Facebook's "celebration" and "memories" algorithms are auto-generating best-of-terror-recruiting pages for extremist groups

Facebook isn't very good at selling you things on behalf of its advertisers, so the company has to gather as much data as possible on you and use it keep you clicking as much as possible in the hopes of eventually scoring a hit with its targeting system, and that means that it often commits unwitting -- but utterly predictable -- acts of algorithmic cruelty.

The best example of this is Facebook's "memories" and "celebration" tools, which memorialize the anniversaries of content that attracted a lot of attention from the people in your social graph. Often this is stuff that's legitimately good news, like graduations and other moments of personal triumph, but inevitably, it also includes the most tragic moments in your life. In 2014, Eric Meyer described how Facebook greeted him on the anniversary of his young daughter's tragic death with a picture of her surrounded by dancing figures. Facebook promised to fix it, and never did: last year, Facebook woke up Patrick Gerard on the anniversary of his mother's funeral with an animation of cartoon characters literally dancing on his mother's grave.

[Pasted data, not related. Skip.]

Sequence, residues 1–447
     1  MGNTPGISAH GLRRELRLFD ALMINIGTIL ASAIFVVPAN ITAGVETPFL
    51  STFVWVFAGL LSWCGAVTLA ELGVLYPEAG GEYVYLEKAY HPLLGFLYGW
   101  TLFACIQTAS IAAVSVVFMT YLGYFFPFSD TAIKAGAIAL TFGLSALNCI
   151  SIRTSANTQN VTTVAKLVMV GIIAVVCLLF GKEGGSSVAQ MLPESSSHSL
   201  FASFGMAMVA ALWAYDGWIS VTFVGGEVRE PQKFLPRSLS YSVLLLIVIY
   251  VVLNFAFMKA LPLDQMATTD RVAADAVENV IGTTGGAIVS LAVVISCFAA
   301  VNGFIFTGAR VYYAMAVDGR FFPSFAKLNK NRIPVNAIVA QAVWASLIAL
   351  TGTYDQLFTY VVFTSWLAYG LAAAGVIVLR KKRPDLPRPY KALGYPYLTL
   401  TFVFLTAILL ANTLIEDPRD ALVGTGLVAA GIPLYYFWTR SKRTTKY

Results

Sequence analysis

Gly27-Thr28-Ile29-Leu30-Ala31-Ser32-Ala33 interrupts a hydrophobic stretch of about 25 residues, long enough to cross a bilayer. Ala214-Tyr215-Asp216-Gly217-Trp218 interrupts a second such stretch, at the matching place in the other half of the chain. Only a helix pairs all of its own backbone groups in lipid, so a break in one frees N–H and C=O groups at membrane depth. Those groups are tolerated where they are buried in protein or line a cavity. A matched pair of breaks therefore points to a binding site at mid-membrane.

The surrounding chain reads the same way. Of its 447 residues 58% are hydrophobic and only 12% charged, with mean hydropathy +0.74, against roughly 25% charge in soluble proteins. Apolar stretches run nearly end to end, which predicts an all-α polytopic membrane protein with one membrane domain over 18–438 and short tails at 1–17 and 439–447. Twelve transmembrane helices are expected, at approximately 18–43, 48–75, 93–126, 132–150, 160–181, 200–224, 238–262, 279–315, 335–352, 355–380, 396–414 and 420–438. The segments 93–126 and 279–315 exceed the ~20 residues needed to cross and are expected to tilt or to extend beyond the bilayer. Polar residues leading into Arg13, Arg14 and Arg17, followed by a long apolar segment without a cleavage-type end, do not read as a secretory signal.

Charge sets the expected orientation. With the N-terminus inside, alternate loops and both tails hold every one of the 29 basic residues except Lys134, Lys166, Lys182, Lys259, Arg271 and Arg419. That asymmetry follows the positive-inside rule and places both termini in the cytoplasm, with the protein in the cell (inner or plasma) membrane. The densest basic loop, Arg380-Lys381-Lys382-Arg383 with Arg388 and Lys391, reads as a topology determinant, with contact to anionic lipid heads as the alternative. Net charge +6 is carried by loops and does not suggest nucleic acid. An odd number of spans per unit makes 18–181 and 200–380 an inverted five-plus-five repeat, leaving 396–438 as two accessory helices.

But it's not just grief that inappropriately triggers Facebook's celebration/memories algorithms. Terror recruiting groups who have scored major PR wins (often because they've won a key battle by murdering their enemies, or because they've posted a particularly grisly atrocity videos) are getting extra mileage out of their victories, courtesy of Facebook's algorithms.

According to a five-month-long, 3,000-page National Whistleblowers Center study of terror groups on Facebook, the celebration/memories algorithm is auto-generating anthology pages that celebrate and frame the most effective terror messages created by extremists, giving them much-needed help in promoting their message to their base.

The Whistleblower's Center said it filed a complaint with the US Securities and Exchange Commission on behalf of a source that preferred to remain anonymous.

"Facebook's efforts to stamp out terror content have been weak and ineffectual," read an executive summary of the 48-page document shared by the center.

"Of even greater concern, Facebook itself has been creating and promoting terror content with its auto-generate technology."

Survey results shared in the complaint indicated that Facebook was not delivering on its claims about eliminating extremist posts or accounts.

Whistleblower Says Facebook Generating Terror Content [AFP/Security Week]

(via /.)